It seems like the U.S. tech industry, which has made leaps in smartphone technology, cloud computing and artificial intelligence, now wants to conquer something new: batteries.
Specifically, batteries for electric vehicles. Amid all the hullabaloo around generative AI, the fall of crypto, and the head-scratching discourse around Web3, somehow, electric vehicle batteries are seeing steady — and favorable — funding in the past few years, per Crunchbase data.
Despite a 43% decrease in funding between 2021 and 2022, electric vehicle battery manufacturing still saw more funding in 2022 than it did in 2020. Last year was the sector’s second-best funding year since 2014.
What’s even more interesting is how much of this funding is flowing to the U.S., despite the fact that China dominates the global battery manufacturing sector.
In 2020, only around 20% of all funding to the sector went toward U.S.-based companies. But in 2021, 64% of all funding to the sector was funneled into U.S.-based companies, per Crunchbase data. In 2022, that number rose to 70%.
VCs chase EV subsidies
So, what’s driving battery funding?
It’s the federal government. Seriously. Following the Inflation Reduction Act, which promises subsidies for EV companies, funding has been pouring into the U.S. from local and international investors to ramp up green energy production.
The Inflation Reduction Act is part of a slew of laws to make it easier for electric vehicle manufacturers to produce parts in the U.S. as it attempts to make its manufacturing sector more competitive at a global level.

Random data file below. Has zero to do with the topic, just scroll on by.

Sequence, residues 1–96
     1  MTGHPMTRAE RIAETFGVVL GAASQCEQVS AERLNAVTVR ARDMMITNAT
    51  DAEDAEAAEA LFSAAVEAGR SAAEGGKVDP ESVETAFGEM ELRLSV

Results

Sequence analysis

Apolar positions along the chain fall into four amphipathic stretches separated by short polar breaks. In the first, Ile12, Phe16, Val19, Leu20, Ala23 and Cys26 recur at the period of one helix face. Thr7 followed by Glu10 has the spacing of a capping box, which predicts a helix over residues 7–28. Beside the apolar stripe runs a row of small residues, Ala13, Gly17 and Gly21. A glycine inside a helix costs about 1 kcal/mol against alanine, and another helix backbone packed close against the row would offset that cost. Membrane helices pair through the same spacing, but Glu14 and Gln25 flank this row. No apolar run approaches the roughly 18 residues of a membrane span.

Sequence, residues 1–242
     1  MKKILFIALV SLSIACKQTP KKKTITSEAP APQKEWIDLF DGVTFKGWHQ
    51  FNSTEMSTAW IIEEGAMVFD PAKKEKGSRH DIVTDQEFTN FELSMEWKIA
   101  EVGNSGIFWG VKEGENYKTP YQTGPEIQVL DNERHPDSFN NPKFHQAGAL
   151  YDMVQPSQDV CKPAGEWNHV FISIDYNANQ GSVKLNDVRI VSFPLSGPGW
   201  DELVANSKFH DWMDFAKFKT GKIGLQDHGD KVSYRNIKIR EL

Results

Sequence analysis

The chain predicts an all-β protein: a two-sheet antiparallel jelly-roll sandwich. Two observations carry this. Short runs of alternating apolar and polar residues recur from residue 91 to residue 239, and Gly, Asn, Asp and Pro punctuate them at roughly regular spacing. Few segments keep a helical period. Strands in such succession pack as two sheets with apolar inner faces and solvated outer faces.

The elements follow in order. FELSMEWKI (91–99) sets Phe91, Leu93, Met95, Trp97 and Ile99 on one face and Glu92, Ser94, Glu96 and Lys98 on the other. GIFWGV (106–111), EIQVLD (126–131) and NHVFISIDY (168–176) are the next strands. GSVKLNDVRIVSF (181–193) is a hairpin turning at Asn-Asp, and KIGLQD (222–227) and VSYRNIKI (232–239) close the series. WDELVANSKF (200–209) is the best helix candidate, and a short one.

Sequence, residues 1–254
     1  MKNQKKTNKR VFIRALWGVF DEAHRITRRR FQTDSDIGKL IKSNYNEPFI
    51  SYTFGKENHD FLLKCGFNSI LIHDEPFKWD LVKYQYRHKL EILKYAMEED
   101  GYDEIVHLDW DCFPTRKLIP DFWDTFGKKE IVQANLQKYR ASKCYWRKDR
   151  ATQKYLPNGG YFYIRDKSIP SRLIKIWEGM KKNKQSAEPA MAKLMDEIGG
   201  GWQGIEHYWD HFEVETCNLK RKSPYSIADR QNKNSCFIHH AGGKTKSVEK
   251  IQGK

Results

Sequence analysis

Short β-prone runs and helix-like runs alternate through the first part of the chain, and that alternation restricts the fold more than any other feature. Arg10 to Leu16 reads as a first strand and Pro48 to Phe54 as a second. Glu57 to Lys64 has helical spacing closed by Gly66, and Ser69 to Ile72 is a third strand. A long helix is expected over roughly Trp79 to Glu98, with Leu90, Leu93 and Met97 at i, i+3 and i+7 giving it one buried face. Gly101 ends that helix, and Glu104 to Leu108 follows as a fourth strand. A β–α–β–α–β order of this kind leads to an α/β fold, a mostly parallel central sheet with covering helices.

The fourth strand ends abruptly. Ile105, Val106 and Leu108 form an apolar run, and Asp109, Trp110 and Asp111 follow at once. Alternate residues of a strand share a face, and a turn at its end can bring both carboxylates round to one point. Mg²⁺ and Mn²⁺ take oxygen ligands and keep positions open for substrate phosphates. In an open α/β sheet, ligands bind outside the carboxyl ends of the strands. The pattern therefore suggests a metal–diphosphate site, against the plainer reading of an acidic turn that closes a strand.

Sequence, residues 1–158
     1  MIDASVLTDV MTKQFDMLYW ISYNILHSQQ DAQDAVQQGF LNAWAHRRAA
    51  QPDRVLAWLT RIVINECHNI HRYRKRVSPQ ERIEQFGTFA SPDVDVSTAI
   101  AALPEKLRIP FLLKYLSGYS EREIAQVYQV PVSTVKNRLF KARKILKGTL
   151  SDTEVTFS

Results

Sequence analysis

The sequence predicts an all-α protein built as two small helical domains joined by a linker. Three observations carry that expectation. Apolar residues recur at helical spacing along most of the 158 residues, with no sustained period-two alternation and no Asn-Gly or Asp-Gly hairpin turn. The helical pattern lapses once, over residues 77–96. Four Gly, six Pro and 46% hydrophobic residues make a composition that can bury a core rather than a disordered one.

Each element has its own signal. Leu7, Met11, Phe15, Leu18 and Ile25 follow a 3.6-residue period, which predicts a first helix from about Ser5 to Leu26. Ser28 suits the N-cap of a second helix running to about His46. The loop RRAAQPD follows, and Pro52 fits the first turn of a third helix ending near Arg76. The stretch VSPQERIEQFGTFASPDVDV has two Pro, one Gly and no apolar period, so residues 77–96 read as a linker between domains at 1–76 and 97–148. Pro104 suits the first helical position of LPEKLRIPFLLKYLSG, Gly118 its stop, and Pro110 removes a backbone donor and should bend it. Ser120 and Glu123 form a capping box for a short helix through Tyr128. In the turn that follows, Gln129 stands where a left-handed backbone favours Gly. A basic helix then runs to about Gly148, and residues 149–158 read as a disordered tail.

Last week, the U.S. Department of Energy conditionally approved a $9.2 billion loan to Ford for the construction of electric vehicle battery factories. It’s the largest automaker loan doled out by the DOE since the 2008 financial crisis.
Ford isn’t the only company to bask in the federal government’s new obsession for electric vehicles — General Motors, LG Energy Solution and Rhyolite Ridge are among the U.S.-grown battery companies that received loans. Even Redwood Materials, which was founded by Tesla co-founder JB Straubel, received a $2 billion loan.
The U.S., despite being home to Tesla and some of the biggest electric vehicle companies in the world, trails behind China in terms of battery manufacturing. Because the U.S. is ramping up its own green energy efforts, the country is working to tighten its supply chains amid geopolitical concerns. That makes sense; the war between Russia and Ukraine saw natural gas prices skyrocket. The U.S., which dreams of running on batteries and semiconductors, currently relies heavily on other countries to source the raw materials to make those products.
What’s most interesting here is the relationship between the bureaucratic federal government and the nimble, fast-moving startup world. It just goes to show how influential the public sector is on our private markets.
Illustration: Dom Guzman
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